Canada's biggest toy maker said it was awaiting a court ruling on Wednesday about its fight against claims in a consumer advice magazine that one of its products contained elevated levels of lead.
Mega Brands is seeking an injunction in Quebec Superior Court to stop distribution of Protegez-Vous magazine, which the company claims used the wrong test on its plastic toy building blocks and published misleading results.
A ruling is expected at 2:15 p.m. on Wednesday, said Mega Brands spokesman Harold Chizick.
Protegez-Vous stood by the accuracy of its test results, several media reports said. A spokesperson for the magazine was not immediately available for comment.
Shares of Mega Brands sank to an all-time low of C$15.45 on the Toronto Stock Exchange, before reversing direction in early afternoon, to gain 5 Canadian cents to C$16.10.
Mega Brands said Protegez-Vous should not have used a total lead test on its molded plastic blocks, because that analyses paint or the coating on a product. It should have used a lead migration test, which the company called "the global standard" for uncoated plastic products.
"That's a test that simulates a child sucking on a plastic toy and how much lead will be transferred through the saliva," Chizick said.
The company wants to prevent the sale and further distribution of Protegez-Vous in advance of its scheduled newsstand distribution on Oct. 19. The French-language publication has already been mailed to subscribers, it said.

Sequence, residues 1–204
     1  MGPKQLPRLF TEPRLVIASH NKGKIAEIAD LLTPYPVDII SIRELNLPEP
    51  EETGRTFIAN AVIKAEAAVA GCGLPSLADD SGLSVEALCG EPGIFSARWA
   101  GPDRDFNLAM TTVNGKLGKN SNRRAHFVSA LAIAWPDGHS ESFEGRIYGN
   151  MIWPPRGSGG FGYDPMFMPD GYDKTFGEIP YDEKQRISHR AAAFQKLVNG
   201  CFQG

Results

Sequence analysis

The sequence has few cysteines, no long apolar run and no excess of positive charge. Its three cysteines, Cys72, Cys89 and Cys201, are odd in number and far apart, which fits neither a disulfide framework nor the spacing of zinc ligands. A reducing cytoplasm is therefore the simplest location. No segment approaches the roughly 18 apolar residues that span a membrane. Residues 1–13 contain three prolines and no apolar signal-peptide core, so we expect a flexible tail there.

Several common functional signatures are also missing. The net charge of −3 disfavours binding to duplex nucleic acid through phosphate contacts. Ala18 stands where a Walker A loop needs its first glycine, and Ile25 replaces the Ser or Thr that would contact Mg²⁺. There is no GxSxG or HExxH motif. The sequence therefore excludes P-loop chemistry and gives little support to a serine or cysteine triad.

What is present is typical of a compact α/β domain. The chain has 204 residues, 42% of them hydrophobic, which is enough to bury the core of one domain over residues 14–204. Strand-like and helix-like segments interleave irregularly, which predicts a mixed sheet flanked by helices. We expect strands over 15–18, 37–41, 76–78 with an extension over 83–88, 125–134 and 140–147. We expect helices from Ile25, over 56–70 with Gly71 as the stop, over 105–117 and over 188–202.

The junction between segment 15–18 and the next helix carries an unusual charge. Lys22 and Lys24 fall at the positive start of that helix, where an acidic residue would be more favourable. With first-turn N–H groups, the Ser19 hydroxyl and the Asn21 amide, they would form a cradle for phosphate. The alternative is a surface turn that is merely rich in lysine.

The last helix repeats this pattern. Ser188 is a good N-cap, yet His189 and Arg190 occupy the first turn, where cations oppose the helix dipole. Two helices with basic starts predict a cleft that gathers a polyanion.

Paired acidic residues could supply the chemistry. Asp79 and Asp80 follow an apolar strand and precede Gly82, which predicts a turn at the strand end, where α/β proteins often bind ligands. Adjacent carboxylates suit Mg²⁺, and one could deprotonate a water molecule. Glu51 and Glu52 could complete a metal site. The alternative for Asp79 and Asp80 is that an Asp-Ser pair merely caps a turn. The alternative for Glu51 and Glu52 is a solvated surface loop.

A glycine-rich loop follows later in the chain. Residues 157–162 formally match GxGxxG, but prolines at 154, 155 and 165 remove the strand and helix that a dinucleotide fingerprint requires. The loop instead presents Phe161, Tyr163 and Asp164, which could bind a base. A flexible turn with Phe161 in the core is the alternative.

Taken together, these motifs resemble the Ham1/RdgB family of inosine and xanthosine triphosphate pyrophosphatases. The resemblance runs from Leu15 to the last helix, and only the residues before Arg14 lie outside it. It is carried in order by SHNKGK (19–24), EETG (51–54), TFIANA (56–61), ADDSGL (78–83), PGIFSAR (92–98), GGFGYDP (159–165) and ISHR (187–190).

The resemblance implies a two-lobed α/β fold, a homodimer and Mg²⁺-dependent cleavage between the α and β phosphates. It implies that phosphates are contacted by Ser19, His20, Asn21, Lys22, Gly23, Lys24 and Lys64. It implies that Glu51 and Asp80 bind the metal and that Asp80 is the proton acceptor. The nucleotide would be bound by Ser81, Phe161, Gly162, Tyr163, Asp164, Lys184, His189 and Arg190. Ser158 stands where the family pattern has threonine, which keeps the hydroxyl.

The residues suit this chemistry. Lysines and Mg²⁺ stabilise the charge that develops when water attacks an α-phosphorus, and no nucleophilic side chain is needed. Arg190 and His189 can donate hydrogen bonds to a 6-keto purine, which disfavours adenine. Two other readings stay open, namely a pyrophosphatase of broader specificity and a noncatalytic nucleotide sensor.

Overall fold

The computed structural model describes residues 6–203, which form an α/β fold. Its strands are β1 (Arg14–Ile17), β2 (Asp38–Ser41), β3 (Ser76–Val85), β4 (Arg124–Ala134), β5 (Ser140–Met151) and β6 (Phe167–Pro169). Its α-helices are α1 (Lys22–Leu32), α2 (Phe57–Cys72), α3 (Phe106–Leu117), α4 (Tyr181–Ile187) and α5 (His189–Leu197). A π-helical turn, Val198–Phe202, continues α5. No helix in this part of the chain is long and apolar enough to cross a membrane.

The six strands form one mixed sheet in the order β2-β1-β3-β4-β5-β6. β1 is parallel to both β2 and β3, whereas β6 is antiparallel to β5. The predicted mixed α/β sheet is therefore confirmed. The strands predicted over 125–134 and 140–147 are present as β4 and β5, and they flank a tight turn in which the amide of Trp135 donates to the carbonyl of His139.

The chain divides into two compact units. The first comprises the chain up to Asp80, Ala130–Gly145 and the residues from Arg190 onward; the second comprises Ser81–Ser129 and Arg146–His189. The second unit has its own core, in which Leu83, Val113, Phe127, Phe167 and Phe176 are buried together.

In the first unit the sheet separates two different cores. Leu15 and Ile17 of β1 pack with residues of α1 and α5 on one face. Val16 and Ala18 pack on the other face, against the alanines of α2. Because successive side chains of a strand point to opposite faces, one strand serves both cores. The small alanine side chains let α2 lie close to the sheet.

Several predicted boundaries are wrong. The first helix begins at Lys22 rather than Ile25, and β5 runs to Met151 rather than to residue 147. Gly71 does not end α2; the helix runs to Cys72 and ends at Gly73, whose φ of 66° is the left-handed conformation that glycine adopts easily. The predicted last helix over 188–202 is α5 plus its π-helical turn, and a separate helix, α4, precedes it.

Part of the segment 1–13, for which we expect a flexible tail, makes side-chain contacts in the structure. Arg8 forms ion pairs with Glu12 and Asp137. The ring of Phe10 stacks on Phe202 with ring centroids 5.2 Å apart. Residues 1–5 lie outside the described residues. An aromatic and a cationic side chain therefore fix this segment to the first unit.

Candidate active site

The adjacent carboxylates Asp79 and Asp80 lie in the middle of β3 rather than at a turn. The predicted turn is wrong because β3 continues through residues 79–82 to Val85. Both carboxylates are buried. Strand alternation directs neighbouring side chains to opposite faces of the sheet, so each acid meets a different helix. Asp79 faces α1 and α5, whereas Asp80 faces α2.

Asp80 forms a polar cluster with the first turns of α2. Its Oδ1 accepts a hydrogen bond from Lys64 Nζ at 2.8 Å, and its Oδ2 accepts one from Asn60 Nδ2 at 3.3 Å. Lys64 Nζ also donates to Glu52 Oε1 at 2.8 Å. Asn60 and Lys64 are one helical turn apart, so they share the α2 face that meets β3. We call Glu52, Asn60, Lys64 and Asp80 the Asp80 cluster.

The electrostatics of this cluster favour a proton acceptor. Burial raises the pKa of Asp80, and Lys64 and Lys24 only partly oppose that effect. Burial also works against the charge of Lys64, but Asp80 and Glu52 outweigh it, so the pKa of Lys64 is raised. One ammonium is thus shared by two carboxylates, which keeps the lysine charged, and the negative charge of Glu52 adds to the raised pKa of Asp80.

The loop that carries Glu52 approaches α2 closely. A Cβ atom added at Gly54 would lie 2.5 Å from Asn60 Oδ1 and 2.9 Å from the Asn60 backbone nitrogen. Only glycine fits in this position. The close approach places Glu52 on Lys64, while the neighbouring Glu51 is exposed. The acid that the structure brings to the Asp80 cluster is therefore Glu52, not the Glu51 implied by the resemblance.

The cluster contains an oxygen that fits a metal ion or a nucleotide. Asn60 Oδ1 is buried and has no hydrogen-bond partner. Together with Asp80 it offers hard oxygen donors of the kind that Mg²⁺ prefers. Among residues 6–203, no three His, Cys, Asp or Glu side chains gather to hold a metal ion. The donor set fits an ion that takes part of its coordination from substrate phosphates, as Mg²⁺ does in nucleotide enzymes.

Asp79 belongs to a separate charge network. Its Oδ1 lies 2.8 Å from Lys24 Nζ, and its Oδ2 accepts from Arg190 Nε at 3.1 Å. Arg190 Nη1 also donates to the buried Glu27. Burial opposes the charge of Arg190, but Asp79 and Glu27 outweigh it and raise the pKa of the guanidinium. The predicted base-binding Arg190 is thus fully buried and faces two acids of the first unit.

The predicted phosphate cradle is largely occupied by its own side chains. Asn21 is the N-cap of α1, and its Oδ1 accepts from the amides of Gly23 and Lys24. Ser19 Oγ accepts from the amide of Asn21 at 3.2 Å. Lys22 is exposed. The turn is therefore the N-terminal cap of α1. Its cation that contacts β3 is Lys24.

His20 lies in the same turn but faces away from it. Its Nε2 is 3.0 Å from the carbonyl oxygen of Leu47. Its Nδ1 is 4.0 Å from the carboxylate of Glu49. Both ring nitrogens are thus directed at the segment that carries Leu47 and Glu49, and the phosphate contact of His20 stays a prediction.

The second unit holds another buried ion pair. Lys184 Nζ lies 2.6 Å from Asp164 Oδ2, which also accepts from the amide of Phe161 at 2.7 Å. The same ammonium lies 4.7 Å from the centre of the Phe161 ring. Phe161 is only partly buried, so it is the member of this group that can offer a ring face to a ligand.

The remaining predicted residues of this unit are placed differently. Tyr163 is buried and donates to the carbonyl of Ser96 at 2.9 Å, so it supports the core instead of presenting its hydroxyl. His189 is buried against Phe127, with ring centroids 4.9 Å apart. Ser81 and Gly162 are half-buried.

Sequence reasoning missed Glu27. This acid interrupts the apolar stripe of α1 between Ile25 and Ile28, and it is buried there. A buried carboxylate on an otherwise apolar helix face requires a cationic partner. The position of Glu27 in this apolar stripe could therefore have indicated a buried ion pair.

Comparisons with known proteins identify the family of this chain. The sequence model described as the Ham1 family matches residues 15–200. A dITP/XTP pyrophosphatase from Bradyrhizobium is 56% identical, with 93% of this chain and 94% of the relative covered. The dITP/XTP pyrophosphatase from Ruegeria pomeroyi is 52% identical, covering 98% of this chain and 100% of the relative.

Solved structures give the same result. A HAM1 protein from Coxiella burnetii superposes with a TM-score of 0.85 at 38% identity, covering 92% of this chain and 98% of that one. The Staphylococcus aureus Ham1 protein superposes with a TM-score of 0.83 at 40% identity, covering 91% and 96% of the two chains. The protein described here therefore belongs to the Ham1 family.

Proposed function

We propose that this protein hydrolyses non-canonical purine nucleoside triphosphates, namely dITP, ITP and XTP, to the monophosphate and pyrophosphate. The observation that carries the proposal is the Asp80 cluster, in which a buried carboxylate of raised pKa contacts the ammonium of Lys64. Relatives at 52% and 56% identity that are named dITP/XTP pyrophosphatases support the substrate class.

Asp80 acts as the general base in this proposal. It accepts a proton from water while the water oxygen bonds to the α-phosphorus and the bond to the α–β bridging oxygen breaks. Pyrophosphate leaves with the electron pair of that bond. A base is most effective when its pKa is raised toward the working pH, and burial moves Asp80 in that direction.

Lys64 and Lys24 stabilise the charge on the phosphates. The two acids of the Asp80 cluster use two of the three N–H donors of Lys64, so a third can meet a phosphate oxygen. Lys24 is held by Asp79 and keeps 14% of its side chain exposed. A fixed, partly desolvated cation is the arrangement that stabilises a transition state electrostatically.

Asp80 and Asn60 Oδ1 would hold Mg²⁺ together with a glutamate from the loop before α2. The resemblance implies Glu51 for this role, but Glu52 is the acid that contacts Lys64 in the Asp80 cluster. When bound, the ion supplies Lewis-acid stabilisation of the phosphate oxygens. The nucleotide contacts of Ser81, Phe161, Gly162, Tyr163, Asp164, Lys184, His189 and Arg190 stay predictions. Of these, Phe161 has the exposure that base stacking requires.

"While we respect and support Protegez-Vous' commitment to informing consumers about product safety, in this case, they made a very grave error," Mega Brands Chief Executive Marc Bertrand said in a statement.
There have been several high-profile recalls this year of toys made in China that contained excessive levels of lead in paint or involved small, easily ingested magnets.
Health Canada said on Wednesday preliminary results from its product safety lab indicate "no quantifiable total lead content" in the plastic. The toy was sampled from a retail location in Quebec late last week.
"Lead can be tested on objects in different ways and the results can vary greatly," said spokeswoman Joey Rathwell. "So we did our own testing, in the way that we test paint within hard plastic, and we found from our test that there was no lead in the product."
The company said the Canadian Toy Association has agreed the wrong test was used and that safety testing lab Bureau Veritas said the Canadian-made toy meets international safety standards.
Mega Brands is still recovering from an extensive, costly recall of some faulty Magnetix building sets. One child has died and 27 have suffered serious intestinal injuries after swallowing small, powerful magnets in the toys.